It is also understood in the art that the substitution of like amino acids can be made effectively on the basis of hydrophilicity, particularly where the biologically functionally equivalent protein or peptide thereby created is intended for use in immunological invention, as in the present case. The greatest local average hydrophilicity of a protein, as governed by the hydrophilicity of its adjacent amino acids, correlates with its immunogenicity and antigenicity, i.e., with a biological property of the protein. The following hydrophilicity values have been assigned to these amino acid residues: arginine (+3.0); lysine (+3.0); aspartate (+3.0+1); glutamate (+3.0+1); serine (+0.3); asparagine (+0.2); glutamine (+0.2); glycine (0); threonine (-0.4); proline (-0.5+1); alanine (-0.5); histidine (-0.5); cysteine (-1.0); methionine (-1.3); valine (-1.5); leucine (-1.8); isoleucine (-1.8); tyrosine (-2.3); phenylalanine (-2.5); and tryptophan (-3.4). In making changes based upon similar hydrophilicity values, the substitution of amino acids whose hydrophilicity values are within ±2 is preferred, those within ±1 are particularly preferred, and those within ±0.5 are even more particularly preferred. One may also identify epitopes from primary amino acid sequences on the basis of hydrophilicity.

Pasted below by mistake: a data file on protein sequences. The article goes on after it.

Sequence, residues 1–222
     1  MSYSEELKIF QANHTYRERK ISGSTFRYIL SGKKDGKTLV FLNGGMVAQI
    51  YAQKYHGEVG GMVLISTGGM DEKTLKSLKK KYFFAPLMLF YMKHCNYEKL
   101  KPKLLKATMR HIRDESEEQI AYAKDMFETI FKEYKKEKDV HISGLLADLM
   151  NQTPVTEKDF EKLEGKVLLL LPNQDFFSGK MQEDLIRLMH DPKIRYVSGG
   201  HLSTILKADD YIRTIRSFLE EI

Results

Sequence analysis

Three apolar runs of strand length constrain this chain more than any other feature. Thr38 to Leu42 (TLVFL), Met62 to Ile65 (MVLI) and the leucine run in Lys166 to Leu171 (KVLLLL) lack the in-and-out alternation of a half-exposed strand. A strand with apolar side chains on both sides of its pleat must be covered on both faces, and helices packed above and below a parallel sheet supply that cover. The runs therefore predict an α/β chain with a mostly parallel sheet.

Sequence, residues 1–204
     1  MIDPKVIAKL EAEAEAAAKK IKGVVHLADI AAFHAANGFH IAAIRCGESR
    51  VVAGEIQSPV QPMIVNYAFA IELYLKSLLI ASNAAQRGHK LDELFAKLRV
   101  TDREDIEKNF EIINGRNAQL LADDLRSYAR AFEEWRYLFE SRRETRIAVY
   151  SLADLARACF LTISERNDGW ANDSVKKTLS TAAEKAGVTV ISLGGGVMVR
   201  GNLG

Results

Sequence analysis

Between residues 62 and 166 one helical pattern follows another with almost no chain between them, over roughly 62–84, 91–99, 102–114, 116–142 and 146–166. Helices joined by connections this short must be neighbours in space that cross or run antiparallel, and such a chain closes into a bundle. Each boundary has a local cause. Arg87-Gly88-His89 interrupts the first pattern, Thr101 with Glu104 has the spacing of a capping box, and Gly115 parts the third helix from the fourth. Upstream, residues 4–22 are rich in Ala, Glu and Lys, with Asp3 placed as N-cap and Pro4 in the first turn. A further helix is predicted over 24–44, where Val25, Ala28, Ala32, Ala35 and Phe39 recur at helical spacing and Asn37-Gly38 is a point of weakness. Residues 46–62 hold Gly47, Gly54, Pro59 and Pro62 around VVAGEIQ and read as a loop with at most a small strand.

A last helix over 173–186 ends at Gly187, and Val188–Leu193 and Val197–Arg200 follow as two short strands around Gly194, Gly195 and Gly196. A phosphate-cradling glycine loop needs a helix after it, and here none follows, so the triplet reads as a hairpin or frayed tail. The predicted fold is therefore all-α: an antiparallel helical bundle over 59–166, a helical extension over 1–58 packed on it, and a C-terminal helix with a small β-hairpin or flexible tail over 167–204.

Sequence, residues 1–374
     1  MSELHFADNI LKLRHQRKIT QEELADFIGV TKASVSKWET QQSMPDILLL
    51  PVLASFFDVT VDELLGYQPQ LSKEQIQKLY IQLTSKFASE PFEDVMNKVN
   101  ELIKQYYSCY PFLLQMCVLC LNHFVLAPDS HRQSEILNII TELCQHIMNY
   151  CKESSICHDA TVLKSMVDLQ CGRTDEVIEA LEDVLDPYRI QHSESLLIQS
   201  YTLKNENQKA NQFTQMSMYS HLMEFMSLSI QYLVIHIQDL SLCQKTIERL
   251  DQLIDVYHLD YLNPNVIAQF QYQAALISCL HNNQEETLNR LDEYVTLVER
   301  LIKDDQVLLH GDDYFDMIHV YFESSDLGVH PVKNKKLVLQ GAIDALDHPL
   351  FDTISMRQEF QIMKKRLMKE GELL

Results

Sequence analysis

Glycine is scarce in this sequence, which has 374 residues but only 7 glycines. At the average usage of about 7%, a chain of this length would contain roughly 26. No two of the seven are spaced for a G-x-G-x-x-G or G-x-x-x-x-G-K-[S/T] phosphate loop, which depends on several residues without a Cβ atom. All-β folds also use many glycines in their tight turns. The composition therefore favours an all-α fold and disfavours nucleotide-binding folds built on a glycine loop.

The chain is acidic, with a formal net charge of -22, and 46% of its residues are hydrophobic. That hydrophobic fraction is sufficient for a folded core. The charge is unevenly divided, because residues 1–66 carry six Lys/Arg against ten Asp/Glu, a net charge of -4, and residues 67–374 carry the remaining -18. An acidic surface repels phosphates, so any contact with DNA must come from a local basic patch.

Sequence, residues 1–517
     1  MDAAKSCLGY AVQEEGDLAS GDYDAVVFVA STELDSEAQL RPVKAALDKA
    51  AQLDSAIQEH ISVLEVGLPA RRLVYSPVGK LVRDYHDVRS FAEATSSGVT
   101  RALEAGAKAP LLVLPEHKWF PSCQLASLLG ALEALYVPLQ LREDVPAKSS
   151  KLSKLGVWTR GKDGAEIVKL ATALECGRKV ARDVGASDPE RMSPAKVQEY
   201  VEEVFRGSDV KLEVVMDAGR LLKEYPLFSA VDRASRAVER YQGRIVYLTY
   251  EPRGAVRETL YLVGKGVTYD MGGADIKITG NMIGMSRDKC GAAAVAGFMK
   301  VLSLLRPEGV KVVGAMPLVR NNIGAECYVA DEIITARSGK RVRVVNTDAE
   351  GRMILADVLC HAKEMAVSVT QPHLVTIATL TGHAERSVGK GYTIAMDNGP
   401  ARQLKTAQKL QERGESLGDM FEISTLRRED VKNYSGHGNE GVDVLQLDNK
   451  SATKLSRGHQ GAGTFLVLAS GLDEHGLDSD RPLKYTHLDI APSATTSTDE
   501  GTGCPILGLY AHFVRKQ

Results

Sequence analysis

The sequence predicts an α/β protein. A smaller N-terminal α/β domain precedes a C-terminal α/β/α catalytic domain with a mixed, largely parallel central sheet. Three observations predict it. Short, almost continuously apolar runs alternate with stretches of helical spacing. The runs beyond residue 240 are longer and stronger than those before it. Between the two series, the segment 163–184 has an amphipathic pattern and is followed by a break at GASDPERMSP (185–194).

Desired amino acid substitutions (whether conservative or non-conservative) can be determined by those skilled in the art at the time such substitutions are desired. For example, amino acid substitutions can be used to identify important residues of the AQP-1 protein, or to increase or decrease the affinity of the AQP-1 proteins described herein. Exemplary amino acid substitutions are shown below in Table 1.

Table 1

Amino Acid Substitutions Original Amino Acid Exemplary Substitutions Ala Val, Leu, He Arg Lys, Gin, Asn Asn Gin Asp Glu Cys Ser, Ala Gin Asn Glu Asp Gly Pro, Ala -9- PCT/US2013/057632

Amino Acid Substitutions Original Amino Acid Exemplary Substitutions His Asn, Gin, Lys, Arg lie Leu, Val, Met, Ala Leu lie, Val, Met, Ala Lys Arg, Gin, Asn Met Leu, Phe, He Phe Leu, Val, He, Ala, Tyr Pro Ala Ser Thr, Ala, Cys Thr Ser Trp Tyr, Phe Tyr Trp, Phe, Thr, Ser Val He, Met, Leu, Phe, Ala WO 2014/036468